The President has made it clear: it’s time to fight consolidation, not facilitate it. In reviewing lessons learned from this most recent banking crisis to better prevent the next one, the regulators must be full-throated and clear in their affirmation that robust regulation and competition, not consolidation, will lead to a healthier, safer, and more vibrant financial system. Banks must exist to serve the needs of the American people, not the other way around – and it is regulators’ critical task to ensure so.
AFREF, the Institute for Policy Studies, Global Economy Project, and Public Citizen led a letter with 22 additional signatories to the agencies tasked with implementing section 956 of Dodd-Frank. That section tasked six agencies with promulgating regulations to prevent incentive-based executive compensation that encourages “inappropriate risk” by May 2011. Almost 12 years later, we don’t have a final rule. The letter was sent to regulators ahead of congressional hearings that will examine recent bank failures.
Today, a broad coalition of financial services and consumer organizations expressed support for new legislation to close the industrial loan company (ILC) charter loophole, the “Close the Shadow Banking Loophole Act.” The legislation, introduced by Senate Banking Committee Chairman Sherrod Brown (D-OH), Sen. Bob Casey (D-PA) and Sen. Chris Van Hollen (D-MD), prohibits shadow banks and nonbank commercial entities from taking advantage of legal loopholes. These loopholes allow these companies to control a full-service FDIC-insured depository institution without being subject to the comprehensive set of rules designed to keep the financial system safe.
AFR joined a joint coalition made up of consumer advocates and bank trade groups on this letter to Congress to express our support of the Close the Shadow Banking Loophole Act recently introduced by Senators Brown, Casey, and Van Hollen. This bill will close the Industrial Loan Company charter loophole that allows Big Tech and other large commercial firms from owning a bank without adequate oversight.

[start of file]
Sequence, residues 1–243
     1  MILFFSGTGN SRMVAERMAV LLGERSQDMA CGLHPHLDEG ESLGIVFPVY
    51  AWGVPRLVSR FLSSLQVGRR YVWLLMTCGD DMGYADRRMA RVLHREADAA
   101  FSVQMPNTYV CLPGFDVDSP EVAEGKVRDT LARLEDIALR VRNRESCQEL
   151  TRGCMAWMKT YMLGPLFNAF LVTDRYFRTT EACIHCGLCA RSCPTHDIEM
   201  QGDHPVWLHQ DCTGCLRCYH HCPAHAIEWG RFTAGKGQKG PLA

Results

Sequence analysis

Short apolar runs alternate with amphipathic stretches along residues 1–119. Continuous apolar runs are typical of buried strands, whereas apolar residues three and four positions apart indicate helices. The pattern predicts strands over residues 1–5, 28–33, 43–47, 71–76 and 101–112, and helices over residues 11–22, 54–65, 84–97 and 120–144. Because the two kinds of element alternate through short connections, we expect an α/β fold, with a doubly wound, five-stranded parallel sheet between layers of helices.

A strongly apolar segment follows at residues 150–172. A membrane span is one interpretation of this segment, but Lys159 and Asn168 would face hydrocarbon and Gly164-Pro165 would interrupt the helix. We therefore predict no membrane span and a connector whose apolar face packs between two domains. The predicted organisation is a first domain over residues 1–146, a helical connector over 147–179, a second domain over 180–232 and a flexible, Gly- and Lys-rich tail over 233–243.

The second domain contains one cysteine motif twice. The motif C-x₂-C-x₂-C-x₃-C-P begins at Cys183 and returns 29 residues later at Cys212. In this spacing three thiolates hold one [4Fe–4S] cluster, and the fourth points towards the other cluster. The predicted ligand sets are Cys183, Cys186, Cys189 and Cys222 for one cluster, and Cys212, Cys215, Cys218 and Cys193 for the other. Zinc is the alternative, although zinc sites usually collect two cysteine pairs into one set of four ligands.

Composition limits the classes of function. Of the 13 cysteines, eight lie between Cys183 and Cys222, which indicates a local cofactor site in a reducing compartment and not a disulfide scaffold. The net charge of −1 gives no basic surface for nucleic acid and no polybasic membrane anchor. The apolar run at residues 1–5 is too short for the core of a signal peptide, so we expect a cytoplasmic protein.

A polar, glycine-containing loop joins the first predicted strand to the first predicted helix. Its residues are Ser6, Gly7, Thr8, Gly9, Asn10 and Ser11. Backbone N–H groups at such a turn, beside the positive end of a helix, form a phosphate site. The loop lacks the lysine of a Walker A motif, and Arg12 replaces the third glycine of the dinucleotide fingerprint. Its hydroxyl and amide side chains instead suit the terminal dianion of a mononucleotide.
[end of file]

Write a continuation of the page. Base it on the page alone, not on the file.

The Department of Justice upheld the rule of law in its recently published opinion on the ability of the chair of the Federal Deposit Insurance Corporation to block votes sought by the majority of its board.
Ford Motor Company should be denied deposit insurance for its proposed new Ford Credit industrial loan company (ILC) charter, the National Community Reinvestment Coalition (NCRC), the National Consumer Law Center (on behalf of its low-income clients), Americans for Financial Reform Education Fund, and the Center for Responsible Lending wrote to the Federal Deposit Insurance Corporation (FDIC) on Wednesday.
Americans for Financial Reform Education Fund (AFREF) and partners submitted comments to the Office of the Comptroller of the Currency, Board of Governors of the Federal Reserve System, and Federal Deposit Insurance Corporation on their proposed revision to the regulations that implement the Community Reinvestment
WASHINGTON – Today a coalition of consumer advocates filed comments with the Federal Deposit Insurance Corporation (FDIC), including a petition signed by more than 44,500 people and a letter describing hundreds of consumer complaints, urging the FDIC to consider Transportation Alliance Bank’s (TAB Bank) predatory rent-a-bank lending in assessing the bank’s performance in meeting community needs under the Community Reinvestment Act.
AFREF submitted two comments to the Federal Deposit Insurance Corporation in response to their request for comment on “Statement of Principles for Climate- Related Financial Risk Management for Large Financial Institutions.” The first comment was a joint letter signed by 13 partners regarding the fair
Washington, D.C. — A broad coalition of bank and credit union associations and consumer organizations submitted a letter today to the U.S. House Committee on Financial Services urging passage of the Close the ILC Loophole Act, introduced by Representatives Chuy Garcia (D-IL) and Lance Gooden (R-TX).